Orange County loan limits for 2015 have been announced. Government housing agencies recently released the new limits for VA, FHA and conforming home loans, for all counties in the U.S. And it’s a lot easier to keep track of this year, because they’re all the same number — at least for the O.C.
The maximum loan limit for Orange County, California, for a single-family home, is $625,500. This applies to FHA, VA and conforming mortgage products.
This limit, as well as those listed below, affect all cities within the county to include: Anaheim, Fullerton, Huntington Beach, Irvine and Santa Anna. They apply to the entire Los Angeles-Long Beach-Anaheim metropolitan area as well. (While Los Angeles is its own county, the L.A. metro area is typically assigned the same loan limits as Orange County).
2015 Conforming Loan Limits for Orange County, California
Loan limits were increased in several California counties for 2015, including San Diego and Napa, due to significant home-price increases over the last year. But the conforming limit for Orange County will remain unchanged in 2015.
That’s not to say home prices didn’t rise in the O.C. over the last year. They did. But they didn’t rise enough to trigger a loan-limit increase for the metro area.
According to the Federal Housing Finance Agency (FHFA): “Although other counties [across the U.S.] experienced home value increases in 2014, after other elements of the HERA formula were accounted for the local-area limits were left unchanged.”
Here are the maximum conforming loan amounts for Orange County, California in 2015:
- Single-family home: $625,500
- Two-family: $800,775
- Three-family: $967,950
- Four-family: $1,202,925
Anything above these amounts will be considered a jumbo loan. Jumbo products typically undergo more scrutiny due to the higher amount being borrowed. Lenders usually (but not always) require higher credit scores, lower debt ratios, and larger payments with jumbo loan products — though we have seen some easing in this area in recent months.
VA and FHA Loans: Same as Above
In December, the Department of Veterans Affairs announced that VA loan limits for 2015 would be reset to match the conforming limits established by the Federal Housing Finance Agency (read the full story). In other words, they will be the exact same as the maximum amounts shown above.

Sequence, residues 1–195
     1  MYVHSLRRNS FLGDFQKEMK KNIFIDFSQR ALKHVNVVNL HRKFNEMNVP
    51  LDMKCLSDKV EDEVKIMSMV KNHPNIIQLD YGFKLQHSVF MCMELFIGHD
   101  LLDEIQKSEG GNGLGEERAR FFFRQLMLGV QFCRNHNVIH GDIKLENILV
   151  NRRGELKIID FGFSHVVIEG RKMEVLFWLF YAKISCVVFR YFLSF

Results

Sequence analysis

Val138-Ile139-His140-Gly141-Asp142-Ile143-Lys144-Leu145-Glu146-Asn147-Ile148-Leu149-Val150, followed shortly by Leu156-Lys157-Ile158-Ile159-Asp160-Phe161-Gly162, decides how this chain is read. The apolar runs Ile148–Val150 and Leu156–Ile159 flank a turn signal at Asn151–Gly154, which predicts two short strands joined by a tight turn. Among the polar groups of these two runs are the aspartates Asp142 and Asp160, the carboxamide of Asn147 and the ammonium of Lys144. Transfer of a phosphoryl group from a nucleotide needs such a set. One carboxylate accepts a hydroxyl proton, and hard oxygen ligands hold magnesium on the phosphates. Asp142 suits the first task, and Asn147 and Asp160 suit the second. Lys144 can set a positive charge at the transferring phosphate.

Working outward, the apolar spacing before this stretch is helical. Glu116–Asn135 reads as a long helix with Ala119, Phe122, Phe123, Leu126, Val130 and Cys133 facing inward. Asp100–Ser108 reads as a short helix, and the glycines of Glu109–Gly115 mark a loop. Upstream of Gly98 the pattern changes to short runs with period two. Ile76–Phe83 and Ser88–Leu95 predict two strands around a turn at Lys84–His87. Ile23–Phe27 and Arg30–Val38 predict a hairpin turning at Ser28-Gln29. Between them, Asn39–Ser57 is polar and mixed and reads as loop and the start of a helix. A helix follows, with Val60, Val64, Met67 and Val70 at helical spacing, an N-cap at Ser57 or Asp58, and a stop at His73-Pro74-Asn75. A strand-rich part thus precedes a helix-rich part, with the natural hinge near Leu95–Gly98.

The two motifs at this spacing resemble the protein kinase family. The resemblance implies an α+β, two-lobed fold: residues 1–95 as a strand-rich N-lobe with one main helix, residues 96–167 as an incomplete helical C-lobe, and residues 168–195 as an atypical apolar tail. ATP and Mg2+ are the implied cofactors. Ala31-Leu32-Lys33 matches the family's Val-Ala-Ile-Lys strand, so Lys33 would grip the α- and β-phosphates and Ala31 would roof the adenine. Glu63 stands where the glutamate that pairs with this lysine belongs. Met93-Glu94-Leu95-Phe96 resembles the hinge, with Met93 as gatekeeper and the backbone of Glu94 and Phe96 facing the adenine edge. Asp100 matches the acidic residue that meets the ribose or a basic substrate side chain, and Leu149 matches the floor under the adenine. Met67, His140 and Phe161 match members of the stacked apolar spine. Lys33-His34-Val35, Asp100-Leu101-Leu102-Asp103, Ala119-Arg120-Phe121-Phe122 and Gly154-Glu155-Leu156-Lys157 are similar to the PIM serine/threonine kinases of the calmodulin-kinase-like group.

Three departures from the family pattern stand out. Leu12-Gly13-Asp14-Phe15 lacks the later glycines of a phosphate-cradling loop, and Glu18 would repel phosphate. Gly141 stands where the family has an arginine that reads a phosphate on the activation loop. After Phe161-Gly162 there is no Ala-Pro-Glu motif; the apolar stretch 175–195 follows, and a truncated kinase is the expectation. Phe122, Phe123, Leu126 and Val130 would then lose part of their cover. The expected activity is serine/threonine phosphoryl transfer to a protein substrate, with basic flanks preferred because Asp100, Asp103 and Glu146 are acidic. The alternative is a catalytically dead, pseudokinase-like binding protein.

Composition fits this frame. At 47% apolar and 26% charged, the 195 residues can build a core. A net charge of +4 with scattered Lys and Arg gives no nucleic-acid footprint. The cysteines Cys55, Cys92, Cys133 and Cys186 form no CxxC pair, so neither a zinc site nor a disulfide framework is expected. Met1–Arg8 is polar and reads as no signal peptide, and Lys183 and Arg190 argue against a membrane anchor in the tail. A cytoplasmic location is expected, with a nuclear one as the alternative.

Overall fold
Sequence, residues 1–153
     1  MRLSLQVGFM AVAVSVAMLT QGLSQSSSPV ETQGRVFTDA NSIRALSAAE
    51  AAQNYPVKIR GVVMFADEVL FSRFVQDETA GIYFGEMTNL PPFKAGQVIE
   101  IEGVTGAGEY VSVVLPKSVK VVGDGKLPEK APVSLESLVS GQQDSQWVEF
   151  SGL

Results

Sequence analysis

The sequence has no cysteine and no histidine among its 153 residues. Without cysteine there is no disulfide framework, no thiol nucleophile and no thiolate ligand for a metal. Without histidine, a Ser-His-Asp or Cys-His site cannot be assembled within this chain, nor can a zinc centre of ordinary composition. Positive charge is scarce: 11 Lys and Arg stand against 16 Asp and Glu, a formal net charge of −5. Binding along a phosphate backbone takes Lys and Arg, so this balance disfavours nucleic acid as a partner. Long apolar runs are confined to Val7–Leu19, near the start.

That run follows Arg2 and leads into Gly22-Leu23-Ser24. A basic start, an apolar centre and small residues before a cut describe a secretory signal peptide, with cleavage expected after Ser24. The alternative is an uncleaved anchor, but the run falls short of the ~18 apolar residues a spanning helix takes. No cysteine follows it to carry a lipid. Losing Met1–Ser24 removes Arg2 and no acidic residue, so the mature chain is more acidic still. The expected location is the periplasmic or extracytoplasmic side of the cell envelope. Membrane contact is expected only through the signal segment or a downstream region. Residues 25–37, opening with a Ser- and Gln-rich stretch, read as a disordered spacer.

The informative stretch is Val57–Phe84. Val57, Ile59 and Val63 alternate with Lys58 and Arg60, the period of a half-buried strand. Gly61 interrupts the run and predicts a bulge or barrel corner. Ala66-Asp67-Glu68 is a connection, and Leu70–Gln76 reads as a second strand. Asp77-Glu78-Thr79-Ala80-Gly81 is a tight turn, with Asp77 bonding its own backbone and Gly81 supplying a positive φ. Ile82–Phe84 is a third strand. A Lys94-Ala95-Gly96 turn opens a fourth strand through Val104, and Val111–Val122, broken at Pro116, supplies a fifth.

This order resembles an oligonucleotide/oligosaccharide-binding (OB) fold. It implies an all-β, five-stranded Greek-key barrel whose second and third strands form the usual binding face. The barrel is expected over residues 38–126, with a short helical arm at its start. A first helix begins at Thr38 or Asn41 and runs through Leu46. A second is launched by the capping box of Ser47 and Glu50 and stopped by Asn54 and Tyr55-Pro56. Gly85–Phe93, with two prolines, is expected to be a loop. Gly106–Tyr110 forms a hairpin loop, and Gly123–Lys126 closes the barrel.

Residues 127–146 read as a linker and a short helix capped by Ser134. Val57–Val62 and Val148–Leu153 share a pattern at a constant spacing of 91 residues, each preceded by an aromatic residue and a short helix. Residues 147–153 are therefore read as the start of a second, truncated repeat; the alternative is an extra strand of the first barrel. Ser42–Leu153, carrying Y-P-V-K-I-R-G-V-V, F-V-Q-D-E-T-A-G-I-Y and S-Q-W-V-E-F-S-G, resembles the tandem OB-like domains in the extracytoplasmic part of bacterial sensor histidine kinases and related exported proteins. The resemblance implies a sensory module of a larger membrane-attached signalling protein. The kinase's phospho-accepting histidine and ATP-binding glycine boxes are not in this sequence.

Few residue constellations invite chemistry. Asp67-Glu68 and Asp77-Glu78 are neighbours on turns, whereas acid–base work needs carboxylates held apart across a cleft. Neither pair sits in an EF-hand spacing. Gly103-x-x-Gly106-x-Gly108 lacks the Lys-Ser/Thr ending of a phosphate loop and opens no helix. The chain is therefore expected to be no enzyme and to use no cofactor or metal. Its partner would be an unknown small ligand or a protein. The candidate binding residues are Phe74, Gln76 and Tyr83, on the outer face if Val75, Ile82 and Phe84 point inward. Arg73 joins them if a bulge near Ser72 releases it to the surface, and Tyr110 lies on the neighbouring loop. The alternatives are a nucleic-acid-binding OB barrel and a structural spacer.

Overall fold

This is a departure from the last few years, during which the VA had congressional authorization to raise VA limits above the conforming caps, within certain higher-cost areas. For the next 12 months, the maximum lending amounts will be aligned.
The same goes for FHA loans. According to the Department of Housing and Urban Development (HUD), the 2015 FHA loan limits for Orange County, California will be the same as the conforming figures shown above.
It bears repeating. All maximum loan amounts next year will be the same for the Orange County area. FHA, VA and conforming will all set their “ceilings” at $625,500 for a single-family home purchase. That’s the magic number for O.C. home buyers who want to “conform.” Anything above that is a jumbo mortgage.
Home Price Trends for the Area
The million-dollar question (literally, in some cases) is this: How do the limits stated above compare to house prices in the area? Will a conforming loan be enough to buy a decent home in Orange County? To answer this question, we need to examine current house values in the area.
In November, San Diego-based real estate data firm DataQuick reported the median sale price for Orange County was $585,000. That means half of all homes sold during that period were above $585,000, while the other half were sold below that price. That was an increase of 4.5% compared to the median figure for November 2013.
According to Zillow, the median home value (or “Zestimate”) for Orange County was $627,200 in December. The company is predicting only modest gains for 2015. As of December 2014, their one-year forecast predicted a home-price increase of only 0.2%, compared to a 3.5% gain over the last 12 months.
The bottom line: O.C. home prices are expected to continue rising in 2015, but only modestly. House values could actually remain flat for much of the year, if these forecasts prove accurate. This means the FHA, VA and conforming loan limits will likely remain above the median home price for this housing market, for the foreseeable future.